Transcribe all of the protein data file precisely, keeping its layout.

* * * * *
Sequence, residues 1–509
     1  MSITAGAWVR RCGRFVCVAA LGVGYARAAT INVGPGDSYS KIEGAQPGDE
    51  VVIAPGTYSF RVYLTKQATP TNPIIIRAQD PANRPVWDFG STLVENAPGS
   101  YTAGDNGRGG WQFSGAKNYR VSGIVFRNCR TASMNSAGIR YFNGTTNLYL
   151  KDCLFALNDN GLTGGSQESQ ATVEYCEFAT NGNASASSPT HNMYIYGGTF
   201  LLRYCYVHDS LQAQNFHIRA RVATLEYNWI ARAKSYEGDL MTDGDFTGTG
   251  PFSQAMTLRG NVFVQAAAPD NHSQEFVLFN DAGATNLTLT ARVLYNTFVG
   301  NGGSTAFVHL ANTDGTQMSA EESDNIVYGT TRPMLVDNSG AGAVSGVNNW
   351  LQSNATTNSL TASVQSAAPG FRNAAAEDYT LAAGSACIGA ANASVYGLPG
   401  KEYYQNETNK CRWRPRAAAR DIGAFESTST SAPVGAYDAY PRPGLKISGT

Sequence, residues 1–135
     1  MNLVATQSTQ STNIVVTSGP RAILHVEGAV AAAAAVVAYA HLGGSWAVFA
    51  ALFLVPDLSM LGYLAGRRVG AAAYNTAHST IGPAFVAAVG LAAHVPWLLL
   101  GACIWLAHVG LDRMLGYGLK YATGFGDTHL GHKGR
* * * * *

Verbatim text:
Sequence, residues 1–509
     1  MSITAGAWVR RCGRFVCVAA LGVGYARAAT INVGPGDSYS KIEGAQPGDE
    51  VVIAPGTYSF RVYLTKQATP TNPIIIRAQD PANRPVWDFG STLVENAPGS
   101  YTAGDNGRGG WQFSGAKNYR VSGIVFRNCR TASMNSAGIR YFNGTTNLYL
   151  KDCLFALNDN GLTGGSQESQ ATVEYCEFAT NGNASASSPT HNMYIYGGTF
   201  LLRYCYVHDS LQAQNFHIRA RVATLEYNWI ARAKSYEGDL MTDGDFTGTG
   251  PFSQAMTLRG NVFVQAAAPD NHSQEFVLFN DAGATNLTLT ARVLYNTFVG
   301  NGGSTAFVHL ANTDGTQMSA EESDNIVYGT TRPMLVDNSG AGAVSGVNNW
   351  LQSNATTNSL TASVQSAAPG FRNAAAEDYT LAAGSACIGA ANASVYGLPG
   401  KEYYQNETNK CRWRPRAAAR DIGAFESTST SAPVGAYDAY PRPGLKISGT

Sequence, residues 1–135
     1  MNLVATQSTQ STNIVVTSGP RAILHVEGAV AAAAAVVAYA HLGGSWAVFA
    51  ALFLVPDLSM LGYLAGRRVG AAAYNTAHST IGPAFVAAVG LAAHVPWLLL
   101  GACIWLAHVG LDRMLGYGLK YATGFGDTHL GHKGR